Payer/Provider Relations

Antitrust Regulators Struggle to Keep Up With Hospital M&A

Hospital consolidation has entered a new stage: Large regional hospital systems have finished acquiring most of their smaller local competitors and have begun to combine with large health systems of similar size. Experts say the new phase of market concentration, which also includes large hospital groups acquiring physician groups and outpatient centers, is bound to increase prices for health plans and consumers — and that there’s little regulators can do to stop or reverse it.

Hospital deals are not new: Over the past decade-plus, hundreds of hospital groups have combined, following a trend toward consolidation and vertical integration across the American economy. According to the American Hospital Association, nearly 1,600 hospital transactions took place between 1998 and 2017. Health system market power is now more concentrated than ever: in most regional markets, two or three players control most of the inpatient facilities. In fact, in a majority of U.S. metro areas, one hospital system controls more than half the market.


Insurers May Not Be Ready to Implement No Surprises Act

Health insurers are struggling to comply with the price and billing transparency requirements of the No Surprises Act (NSA), according to a survey conducted by Change Healthcare, Inc. Meanwhile, insurers are lining up behind the Biden administration as it prepares to defend regulations implementing the NSA from a legal challenge brought by provider trade groups.

The No Surprises Act bans balance billing — when out-of-network providers send patients a bill for the amount an insurer refuses to pay — and requires payers and providers to work out the dispute themselves. If that fails, an HHS-approved independent arbitrator will decide between two payment amounts: one submitted by the provider, and one by the insurer.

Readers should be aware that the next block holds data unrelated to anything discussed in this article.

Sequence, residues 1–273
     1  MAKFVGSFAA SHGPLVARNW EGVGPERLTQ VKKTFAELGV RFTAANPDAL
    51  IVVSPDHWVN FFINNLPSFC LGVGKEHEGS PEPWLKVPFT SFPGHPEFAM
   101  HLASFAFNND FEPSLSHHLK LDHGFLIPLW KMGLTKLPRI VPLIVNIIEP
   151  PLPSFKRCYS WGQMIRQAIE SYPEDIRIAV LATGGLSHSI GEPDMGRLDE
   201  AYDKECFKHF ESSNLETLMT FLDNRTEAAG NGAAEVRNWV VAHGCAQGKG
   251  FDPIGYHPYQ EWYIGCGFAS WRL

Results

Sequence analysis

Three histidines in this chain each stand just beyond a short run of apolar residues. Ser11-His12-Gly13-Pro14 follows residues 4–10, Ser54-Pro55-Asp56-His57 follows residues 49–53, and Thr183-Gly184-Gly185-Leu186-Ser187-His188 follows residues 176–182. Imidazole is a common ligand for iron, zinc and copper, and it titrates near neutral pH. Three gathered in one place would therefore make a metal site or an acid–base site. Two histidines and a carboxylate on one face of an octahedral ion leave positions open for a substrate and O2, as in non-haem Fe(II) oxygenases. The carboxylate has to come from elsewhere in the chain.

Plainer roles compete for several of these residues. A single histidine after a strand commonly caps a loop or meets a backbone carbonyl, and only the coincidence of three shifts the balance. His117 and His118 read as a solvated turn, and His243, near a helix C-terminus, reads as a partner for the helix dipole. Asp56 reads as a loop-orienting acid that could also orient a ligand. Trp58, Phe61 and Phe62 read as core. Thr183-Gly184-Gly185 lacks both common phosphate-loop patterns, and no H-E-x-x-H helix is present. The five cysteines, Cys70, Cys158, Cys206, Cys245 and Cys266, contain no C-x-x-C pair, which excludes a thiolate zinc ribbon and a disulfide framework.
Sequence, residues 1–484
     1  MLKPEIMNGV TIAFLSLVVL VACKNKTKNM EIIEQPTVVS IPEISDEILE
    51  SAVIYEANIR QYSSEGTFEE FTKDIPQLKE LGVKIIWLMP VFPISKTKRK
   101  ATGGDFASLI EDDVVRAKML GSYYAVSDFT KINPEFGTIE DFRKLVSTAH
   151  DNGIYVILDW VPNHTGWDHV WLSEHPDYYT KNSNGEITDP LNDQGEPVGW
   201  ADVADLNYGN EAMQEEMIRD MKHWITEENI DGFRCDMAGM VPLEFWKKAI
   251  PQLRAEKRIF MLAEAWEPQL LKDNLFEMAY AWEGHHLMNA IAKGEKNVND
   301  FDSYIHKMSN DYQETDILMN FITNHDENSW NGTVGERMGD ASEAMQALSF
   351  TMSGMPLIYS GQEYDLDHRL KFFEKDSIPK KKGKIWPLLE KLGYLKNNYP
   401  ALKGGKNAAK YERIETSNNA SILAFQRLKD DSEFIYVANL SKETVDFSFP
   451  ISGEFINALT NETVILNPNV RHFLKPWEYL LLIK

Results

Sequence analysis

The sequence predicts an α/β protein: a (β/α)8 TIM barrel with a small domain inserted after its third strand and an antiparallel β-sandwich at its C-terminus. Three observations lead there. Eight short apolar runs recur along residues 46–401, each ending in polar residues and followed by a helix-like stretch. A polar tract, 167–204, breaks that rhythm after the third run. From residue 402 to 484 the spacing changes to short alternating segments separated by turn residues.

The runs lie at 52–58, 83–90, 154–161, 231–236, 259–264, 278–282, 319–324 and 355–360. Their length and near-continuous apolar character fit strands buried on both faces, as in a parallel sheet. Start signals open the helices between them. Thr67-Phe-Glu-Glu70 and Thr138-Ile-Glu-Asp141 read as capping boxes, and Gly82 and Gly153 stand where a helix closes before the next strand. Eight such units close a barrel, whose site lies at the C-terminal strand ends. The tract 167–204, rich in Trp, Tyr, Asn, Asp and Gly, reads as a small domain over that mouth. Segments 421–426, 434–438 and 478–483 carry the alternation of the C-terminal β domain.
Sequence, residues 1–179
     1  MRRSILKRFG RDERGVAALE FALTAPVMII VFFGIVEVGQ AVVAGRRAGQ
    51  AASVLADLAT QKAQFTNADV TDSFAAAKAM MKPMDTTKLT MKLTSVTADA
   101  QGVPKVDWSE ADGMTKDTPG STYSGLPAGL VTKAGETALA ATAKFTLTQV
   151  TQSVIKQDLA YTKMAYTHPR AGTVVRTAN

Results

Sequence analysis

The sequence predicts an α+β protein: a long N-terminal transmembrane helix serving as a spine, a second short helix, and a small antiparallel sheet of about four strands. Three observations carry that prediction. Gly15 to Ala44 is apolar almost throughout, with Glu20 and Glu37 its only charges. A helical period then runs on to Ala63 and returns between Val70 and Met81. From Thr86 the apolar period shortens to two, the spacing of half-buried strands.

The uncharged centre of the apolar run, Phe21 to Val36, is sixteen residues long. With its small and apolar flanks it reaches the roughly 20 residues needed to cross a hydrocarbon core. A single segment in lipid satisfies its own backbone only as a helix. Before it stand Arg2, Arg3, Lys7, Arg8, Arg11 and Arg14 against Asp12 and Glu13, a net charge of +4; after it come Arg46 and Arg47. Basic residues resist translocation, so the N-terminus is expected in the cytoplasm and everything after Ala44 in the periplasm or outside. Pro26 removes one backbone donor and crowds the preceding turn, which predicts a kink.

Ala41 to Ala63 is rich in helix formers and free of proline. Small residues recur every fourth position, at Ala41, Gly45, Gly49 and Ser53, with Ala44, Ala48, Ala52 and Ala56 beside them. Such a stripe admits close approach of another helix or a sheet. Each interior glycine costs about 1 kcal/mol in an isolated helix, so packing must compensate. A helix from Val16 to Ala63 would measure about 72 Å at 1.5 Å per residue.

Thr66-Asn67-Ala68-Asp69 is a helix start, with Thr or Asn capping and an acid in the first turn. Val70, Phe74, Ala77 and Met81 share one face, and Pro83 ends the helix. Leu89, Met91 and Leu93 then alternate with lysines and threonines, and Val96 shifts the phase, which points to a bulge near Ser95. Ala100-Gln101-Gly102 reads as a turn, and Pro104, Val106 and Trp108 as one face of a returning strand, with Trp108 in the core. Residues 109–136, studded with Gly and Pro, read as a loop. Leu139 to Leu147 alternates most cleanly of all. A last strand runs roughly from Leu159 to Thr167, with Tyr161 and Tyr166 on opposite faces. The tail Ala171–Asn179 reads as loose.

CVS Health Will Spend Up to $25 Billion on Provider M&A

At the firm’s annual investor conference, CVS Health Corp. executives promoted closer vertical integration and promised to move even further into care provision. CVS, which acquired Aetna in 2018, emphasized virtual care and its retail HealthHUB clinics in recent months, and it has indicated it has a strong interest in acquiring providers, particularly in primary care.

Other large carriers have made similar moves in recent years. UnitedHealth Group owns both the U.S.’s largest health insurer, UnitedHealthcare, and a growing provider arm, OptumCare. Humana Inc. has moved to acquire in-home and primary care providers. Meanwhile, CVS’s largest retail pharmacy competitor, Walgreens Boots Alliance Inc., is purchasing clinics with the goal of becoming a major primary and urgent care provider. According to CVS Health CEO Karen Lynch, the firm’s position astride all three businesses — retail, care delivery and benefits management — is why it will perform better than its rivals.


New Google Maps Tool Shows Providers’ Network Affiliations

Google Maps will show users searching for health care providers which health insurance practitioners will accept — and health care insiders say that the new product could transform how patients access health care. However, they caution that Google, a division of Alphabet Inc., must be diligent about updating and refining the information it displays, especially if it hopes to expand its advertising and data analytics businesses into health care at a large scale.


TeamHealth Wins One Battle in Ongoing War With UnitedHealth

A jury recently found UnitedHealthcare underpayed Nevada emergency care subsidiaries of TeamHealth Inc. in out-of-network billing scenarios — and it’s the first of several ongoing suits between the two health care firms to wrap up. Experts say that the No Surprises Act, which comes into effect next month, will fix some of the issues raised in the lawsuit, but also point out that settling out-of-network billing disputes remains a matter of leverage.